Why did the Creator decide to wipe out the world? The story of Noah is one part of Torah where we want to ignore its reality – the portrayal of the Creator of the universe as murderous and vengeful.
Many atheists use the flood as an example to testify against religion as
a concept. Comedian Tim Minchin even uses it as a satirical source text for drowning kittens in his song, The Good Book. Is this the best example set by the source of the world?
Reading this story literally, the tale of the flood is abhorrent. If we compare Noah to other times where our biblical characters face similar situations,
a deeper truth emerges.
Noah is told that everyone will be killed and to start preparations to save himself. What is his response? Silence – Noah just gets on with saving himself.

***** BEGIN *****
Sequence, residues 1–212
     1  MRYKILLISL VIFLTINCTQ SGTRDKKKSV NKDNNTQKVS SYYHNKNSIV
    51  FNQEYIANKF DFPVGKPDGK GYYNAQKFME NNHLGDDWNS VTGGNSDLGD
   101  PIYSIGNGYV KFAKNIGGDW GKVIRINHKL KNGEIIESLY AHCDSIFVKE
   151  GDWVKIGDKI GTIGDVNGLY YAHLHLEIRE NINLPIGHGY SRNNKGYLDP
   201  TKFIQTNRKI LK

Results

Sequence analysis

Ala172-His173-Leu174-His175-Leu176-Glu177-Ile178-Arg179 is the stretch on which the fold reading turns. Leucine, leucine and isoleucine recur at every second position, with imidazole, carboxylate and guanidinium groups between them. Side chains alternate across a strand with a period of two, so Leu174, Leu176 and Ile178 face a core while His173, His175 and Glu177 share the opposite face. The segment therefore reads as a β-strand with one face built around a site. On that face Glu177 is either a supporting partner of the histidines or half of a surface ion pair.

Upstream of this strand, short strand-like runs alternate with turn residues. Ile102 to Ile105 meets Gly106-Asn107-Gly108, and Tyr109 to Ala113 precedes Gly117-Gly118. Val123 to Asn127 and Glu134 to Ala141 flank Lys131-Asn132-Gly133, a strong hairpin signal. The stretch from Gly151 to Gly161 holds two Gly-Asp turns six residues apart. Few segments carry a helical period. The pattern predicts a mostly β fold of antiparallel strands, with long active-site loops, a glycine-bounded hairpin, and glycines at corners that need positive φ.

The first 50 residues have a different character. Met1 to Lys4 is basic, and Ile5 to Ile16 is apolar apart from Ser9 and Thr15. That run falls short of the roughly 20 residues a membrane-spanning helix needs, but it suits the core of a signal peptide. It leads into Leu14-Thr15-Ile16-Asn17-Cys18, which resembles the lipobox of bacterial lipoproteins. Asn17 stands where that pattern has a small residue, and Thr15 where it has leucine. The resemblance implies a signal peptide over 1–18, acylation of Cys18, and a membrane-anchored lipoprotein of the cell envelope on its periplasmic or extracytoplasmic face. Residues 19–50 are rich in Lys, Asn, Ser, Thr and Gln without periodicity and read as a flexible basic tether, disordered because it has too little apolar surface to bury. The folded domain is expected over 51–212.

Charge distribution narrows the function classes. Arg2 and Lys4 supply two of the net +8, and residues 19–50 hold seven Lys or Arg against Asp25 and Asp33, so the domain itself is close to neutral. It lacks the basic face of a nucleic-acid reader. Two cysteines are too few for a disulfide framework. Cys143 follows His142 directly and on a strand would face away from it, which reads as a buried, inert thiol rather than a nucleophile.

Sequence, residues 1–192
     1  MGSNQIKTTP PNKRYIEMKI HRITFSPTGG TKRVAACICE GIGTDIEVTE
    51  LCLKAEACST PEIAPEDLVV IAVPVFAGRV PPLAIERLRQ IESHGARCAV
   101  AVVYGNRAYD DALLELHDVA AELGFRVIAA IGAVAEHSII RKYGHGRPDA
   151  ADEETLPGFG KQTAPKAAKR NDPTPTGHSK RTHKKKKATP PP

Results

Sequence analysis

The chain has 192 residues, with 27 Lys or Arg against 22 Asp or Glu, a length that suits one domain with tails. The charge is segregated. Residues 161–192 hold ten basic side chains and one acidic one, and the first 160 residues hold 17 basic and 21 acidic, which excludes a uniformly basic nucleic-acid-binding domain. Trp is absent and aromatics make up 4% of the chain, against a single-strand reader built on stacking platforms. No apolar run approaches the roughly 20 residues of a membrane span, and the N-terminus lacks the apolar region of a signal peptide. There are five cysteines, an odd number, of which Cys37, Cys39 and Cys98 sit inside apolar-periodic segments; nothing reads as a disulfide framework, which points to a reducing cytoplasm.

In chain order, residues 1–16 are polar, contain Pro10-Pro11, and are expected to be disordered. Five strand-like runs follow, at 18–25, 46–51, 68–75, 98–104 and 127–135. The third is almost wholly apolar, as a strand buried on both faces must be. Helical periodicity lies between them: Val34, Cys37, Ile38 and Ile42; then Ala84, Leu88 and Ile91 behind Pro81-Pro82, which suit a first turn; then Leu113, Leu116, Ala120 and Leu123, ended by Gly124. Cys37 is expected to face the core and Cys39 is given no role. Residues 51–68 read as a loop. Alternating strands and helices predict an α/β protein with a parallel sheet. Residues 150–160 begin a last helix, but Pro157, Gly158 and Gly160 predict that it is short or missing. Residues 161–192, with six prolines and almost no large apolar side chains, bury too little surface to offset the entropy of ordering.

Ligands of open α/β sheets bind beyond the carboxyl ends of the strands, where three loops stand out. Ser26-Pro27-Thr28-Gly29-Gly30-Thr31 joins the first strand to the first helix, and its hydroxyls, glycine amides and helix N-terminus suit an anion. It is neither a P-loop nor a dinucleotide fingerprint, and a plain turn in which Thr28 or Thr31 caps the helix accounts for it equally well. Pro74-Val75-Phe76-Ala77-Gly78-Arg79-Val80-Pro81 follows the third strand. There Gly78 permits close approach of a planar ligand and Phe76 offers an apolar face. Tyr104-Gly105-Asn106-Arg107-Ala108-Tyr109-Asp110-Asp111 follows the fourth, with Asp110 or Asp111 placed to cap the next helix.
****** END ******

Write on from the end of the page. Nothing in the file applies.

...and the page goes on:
Abraham faces a similar situation. With Sodom and Gomorrah about to be destroyed, what is his response? He bargains with God, trying to find something to make God relent. The search for 10 good people is his bargaining chip, but there were not even 10 good people. The cities are wiped out.
Finally, there is Moses. After the Golden Calf, Moses is told that God will destroy the people and start again from him. Moses doesn’t allow it.
He doesn’t bargain, he says no. Moses even says his name should be erased if God won’t relent. God has a change of heart and the Children of Israel are saved.
Our Torah is teaching us vital lessons about violence and genocide. If we think we can leave it in the hands of God to prevent horrific events, we are abdicating our responsibility as partners in continuing the work of creation.
These terrible instances are not caused by God’s actions, but our inactions. We have to be willing to stand up to even the greatest authority of all, or we will allow tragedies to occur.
- Laura Janner-Klausner is the senior rabbi of Reform Judaism